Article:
Pitch refers to how high or low a speaker’s voice is. As with other vocal qualities, there are natural variations among people’s vocal pitch. Unlike rate and volume, there are more physiological limitations on the control we have over pitch. For example, males generally have lower pitched voices than females. Despite these limitations, each person still has the capability to intentionally change their pitch across a range large enough to engage an audience. Changing pitch is a good way to communicate enthusiasm and indicate emphasis or closure. In general, our pitch goes up when we are discussing something exciting. Our pitch goes down slightly when we emphasize a serious or important point. Lowering pitch is also an effective way to signal transitions between sections of your speech or the end of your speech, which cues your audience to applaud and avoids an awkward ending.
Of the vocal components of delivery discussed so far, pitch seems to give beginning speakers the most difficulty. There is a stark difference between the way I hear students speak before and after class and the way they speak when they get in front of the class. It’s like giving a speech temporarily numbs their ability to vary their pitch. Record yourself practicing your speech to help determine if the amount of pitch variety and enthusiasm you think you convey while speaking actually comes through. Speakers often assume that their pitch is more varied and their delivery more enthusiastic than the audience actually perceives it to be. Many of my students note this on the self-evaluations they write after viewing their recorded speech.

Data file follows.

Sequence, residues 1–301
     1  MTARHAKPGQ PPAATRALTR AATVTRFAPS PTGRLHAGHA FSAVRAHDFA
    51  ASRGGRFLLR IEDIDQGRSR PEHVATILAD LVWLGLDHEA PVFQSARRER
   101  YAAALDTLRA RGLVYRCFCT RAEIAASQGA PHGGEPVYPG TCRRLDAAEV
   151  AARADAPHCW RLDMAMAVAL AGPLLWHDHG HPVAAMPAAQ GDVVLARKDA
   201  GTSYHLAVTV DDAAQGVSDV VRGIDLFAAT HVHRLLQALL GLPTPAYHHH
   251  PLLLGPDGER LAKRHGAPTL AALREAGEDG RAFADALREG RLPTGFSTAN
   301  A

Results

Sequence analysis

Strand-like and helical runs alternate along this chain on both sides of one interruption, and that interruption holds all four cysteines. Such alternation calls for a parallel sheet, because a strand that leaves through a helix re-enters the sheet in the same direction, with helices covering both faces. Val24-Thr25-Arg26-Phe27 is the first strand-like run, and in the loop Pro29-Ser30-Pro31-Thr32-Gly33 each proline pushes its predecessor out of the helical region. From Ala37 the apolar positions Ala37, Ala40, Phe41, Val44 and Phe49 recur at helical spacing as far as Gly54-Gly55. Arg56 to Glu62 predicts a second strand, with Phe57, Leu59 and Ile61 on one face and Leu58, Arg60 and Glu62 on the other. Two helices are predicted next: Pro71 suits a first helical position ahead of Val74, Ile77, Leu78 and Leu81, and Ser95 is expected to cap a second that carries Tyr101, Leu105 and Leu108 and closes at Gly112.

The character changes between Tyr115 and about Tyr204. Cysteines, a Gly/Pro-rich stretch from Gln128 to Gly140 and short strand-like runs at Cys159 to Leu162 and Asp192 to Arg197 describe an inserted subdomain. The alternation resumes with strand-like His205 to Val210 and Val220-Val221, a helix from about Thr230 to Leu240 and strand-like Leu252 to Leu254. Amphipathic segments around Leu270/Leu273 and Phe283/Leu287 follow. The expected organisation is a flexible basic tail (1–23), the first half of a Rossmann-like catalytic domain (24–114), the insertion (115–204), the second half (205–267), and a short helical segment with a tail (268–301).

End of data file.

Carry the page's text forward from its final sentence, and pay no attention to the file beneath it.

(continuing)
Overall, the lesson to take away from this section on vocal delivery is that variety is key. Vocal variety includes changes in your rate, volume, and pitch that can make you look more prepared, seem more credible, and be able to engage your audience better. Employing vocal variety is not something that takes natural ability or advanced skills training. It is something that beginning speakers can start working on immediately and everyone can accomplish. The key is to become aware of how you use your voice when you speak, and the best way to do this is to record yourself. We all use vocal variety naturally without thinking about it during our regular conversations, and many of us think that this tendency will translate over to our speaking voices. This is definitely not the case for most beginning speakers. Unlike in your regular conversations, it will take some awareness and practice to use vocal variety in speeches. I encourage students to make this a delivery priority early on. Since it’s something anyone can do, improving in this area will add to your speaking confidence, which usually translates into better speeches and better grades further on.